Doctor Sentenced To 8 Years In Stent Case

SALISBURY — A Salisbury cardiologist convicted in July by a federal jury on six counts of health care fraud was sentenced this month to eight years in prison and will be forced to pay nearly $600,000 in restitution to the victims.

A federal jury in July convicted John R. McLean, 59, of Salisbury, on six healthcare fraud offenses in connection with a scheme during which he submitted insurance claims for inserting unnecessary cardiac stents, ordered unnecessary tests and made false entries in patient medical records in order to defraud Medicare, Medicaid and private insurers.

Back in federal court two weeks ago, McLean was sentenced to eight years in prison, followed by three years of supervised probation upon his release. U.S. District Court Judge William D. Quarles, Jr. also ordered McLean to pay $579,070 is restitution to Medicare and other health insurance programs.

According to evidence presented at trial, McLean had a private medical practice in Salisbury and hospital privileges at PRMC. From at least 2003 to 2007, McLean performed cardiac catheterizations and implanted unnecessary cardiac stents in more than 100 patients at PRMC. He then falsely recorded in the patients’ medical records the existence or extent or coronary artery blockage, known as lesions, observed during the procedures.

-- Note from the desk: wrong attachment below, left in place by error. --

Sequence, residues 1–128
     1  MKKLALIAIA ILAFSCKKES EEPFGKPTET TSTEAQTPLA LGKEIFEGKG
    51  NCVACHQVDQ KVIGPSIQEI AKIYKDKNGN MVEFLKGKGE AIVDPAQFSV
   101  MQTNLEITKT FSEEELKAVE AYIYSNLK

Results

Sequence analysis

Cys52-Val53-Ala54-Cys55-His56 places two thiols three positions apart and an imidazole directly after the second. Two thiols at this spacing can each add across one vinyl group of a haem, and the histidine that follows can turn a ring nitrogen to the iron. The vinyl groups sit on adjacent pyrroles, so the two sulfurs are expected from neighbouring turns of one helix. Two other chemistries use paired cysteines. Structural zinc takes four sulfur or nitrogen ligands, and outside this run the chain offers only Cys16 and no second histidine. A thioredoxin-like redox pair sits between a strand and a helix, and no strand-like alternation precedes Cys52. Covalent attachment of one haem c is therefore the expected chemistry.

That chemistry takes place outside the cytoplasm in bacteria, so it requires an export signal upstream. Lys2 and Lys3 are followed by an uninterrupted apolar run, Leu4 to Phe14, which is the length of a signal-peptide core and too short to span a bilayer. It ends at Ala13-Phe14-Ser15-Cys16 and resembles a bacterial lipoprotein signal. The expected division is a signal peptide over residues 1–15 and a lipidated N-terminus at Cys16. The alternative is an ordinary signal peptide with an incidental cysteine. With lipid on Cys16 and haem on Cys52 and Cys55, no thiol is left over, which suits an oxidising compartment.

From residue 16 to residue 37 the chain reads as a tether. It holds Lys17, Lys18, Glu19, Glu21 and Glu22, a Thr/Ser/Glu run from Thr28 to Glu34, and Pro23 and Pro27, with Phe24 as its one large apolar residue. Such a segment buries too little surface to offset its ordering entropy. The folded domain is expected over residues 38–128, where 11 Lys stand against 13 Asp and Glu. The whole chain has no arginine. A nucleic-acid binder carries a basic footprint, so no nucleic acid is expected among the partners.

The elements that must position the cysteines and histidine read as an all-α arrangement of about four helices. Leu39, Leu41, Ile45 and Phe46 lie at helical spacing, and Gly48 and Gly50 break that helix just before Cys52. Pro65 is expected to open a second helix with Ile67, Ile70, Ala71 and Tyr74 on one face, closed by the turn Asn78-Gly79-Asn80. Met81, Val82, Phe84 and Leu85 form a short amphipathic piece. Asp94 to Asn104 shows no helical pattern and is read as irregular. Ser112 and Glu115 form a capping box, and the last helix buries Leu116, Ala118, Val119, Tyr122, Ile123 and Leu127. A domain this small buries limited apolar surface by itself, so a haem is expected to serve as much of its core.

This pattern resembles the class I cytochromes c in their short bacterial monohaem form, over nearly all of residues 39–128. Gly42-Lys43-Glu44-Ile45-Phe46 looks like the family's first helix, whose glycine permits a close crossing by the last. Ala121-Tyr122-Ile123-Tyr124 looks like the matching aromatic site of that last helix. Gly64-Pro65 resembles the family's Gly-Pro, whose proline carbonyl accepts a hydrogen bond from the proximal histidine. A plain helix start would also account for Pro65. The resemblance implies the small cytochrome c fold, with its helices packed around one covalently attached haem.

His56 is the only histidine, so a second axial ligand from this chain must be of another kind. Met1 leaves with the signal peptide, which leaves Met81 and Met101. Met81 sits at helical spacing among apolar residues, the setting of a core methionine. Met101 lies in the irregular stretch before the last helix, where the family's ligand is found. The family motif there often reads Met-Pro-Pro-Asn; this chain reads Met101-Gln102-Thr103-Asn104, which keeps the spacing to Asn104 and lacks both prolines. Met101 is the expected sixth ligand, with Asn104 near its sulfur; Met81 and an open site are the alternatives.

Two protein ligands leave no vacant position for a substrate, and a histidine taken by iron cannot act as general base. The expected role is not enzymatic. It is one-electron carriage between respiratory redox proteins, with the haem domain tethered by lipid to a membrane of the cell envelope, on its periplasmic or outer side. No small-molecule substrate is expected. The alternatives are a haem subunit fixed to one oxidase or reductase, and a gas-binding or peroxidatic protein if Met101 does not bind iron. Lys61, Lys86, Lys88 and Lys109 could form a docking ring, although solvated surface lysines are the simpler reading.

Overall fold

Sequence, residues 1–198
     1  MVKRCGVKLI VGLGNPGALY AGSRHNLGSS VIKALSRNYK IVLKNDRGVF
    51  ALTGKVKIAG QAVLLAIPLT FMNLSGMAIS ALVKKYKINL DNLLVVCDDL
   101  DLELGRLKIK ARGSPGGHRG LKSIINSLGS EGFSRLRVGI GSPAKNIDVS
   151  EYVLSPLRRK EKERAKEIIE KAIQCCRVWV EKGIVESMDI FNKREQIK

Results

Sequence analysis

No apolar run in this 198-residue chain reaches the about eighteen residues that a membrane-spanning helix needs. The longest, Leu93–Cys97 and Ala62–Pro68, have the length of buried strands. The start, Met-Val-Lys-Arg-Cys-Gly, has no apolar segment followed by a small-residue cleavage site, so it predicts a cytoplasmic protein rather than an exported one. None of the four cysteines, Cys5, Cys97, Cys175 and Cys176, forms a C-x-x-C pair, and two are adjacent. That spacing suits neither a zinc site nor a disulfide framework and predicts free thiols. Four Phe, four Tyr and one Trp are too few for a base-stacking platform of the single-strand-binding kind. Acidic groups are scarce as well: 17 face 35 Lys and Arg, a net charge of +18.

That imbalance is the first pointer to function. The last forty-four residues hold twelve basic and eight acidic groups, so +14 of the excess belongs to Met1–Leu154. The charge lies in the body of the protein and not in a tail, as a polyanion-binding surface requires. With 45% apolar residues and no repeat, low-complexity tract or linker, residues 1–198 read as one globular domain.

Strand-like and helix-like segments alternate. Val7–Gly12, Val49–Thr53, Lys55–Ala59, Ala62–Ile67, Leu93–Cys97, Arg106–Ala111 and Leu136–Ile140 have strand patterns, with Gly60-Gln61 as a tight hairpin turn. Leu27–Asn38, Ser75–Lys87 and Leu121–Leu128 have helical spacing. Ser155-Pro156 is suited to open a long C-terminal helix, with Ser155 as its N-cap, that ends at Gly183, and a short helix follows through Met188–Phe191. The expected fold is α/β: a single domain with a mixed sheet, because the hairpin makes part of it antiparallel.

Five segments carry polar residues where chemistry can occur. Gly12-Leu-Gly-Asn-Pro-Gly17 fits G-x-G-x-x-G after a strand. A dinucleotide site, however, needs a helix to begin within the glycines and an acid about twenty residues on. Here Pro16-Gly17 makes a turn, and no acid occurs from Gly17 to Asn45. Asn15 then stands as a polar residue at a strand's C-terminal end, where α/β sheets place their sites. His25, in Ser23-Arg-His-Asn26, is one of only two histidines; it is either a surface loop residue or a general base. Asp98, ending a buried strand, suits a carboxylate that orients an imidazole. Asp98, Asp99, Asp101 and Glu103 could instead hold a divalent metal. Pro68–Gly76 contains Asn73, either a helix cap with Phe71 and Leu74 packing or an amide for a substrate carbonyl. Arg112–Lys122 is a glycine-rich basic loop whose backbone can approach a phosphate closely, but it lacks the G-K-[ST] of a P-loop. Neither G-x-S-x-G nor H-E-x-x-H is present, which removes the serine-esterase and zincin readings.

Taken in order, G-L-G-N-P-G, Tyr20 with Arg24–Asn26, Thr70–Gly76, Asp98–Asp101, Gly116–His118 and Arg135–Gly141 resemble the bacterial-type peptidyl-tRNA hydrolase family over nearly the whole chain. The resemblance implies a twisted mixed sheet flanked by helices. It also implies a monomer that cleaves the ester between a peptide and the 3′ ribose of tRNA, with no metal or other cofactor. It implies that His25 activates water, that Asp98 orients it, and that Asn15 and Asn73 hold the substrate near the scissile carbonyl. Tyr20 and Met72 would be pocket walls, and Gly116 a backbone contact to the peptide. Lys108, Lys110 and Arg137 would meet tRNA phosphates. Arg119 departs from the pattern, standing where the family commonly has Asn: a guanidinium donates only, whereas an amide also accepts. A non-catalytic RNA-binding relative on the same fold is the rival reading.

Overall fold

In addition, McLean ordered his cardiac patients undergo a battery of medically unnecessary follow-up tests such as cardiolite stress tests, echocardiograms and EKGs. McLean then submitted claims for the unnecessary stents and testing that were paid by health care benefit programs including Medicare and Medicaid.

U.S. Attorney for the District of Maryland Rod Rosenstein, who announced the sentencing results last week, said the charges against McLean were brought after careful consideration and investigation.

“The jury found that Dr. McLean egregiously violated the trust of his patients and made false entries in their medical records to justify implanting unneeded cardiac stents and billing for the surgery and follow-up care,” he said. “We do not bring federal prosecutions based on discretionary judgments that might be disputed by reputable medical professionals.”

Nicholas DiGuilio, special agent in charge for the U.S. Department of Health and Human Services’ Office of the Inspector General, took it a step further, saying, “Placing unnecessary stents in the hearts of patients is a crime of unthinkable proportions. A doctor who insists on practicing greed rather than good medicine will ultimately pay a heavy price.”

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